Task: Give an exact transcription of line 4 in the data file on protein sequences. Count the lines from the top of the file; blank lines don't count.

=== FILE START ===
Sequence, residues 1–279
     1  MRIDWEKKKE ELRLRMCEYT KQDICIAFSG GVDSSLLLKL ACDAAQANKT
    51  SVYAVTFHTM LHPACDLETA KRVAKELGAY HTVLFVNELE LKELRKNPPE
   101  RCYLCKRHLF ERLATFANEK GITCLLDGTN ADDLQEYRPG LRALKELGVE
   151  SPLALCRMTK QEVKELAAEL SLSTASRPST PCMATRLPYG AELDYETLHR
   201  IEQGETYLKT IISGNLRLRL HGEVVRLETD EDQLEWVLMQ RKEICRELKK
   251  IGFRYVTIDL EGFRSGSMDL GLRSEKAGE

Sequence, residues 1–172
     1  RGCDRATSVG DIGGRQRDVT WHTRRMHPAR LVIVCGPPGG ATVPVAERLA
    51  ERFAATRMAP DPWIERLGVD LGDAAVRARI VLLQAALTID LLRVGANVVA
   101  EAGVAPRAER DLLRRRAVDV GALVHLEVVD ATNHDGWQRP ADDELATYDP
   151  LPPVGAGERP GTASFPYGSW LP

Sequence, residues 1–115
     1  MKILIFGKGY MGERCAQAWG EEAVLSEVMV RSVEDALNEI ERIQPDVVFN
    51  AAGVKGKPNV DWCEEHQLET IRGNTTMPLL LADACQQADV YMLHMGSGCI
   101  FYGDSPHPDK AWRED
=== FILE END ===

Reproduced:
   101  RCYLCKRHLF ERLATFANEK GITCLLDGTN ADDLQEYRPG LRALKELGVE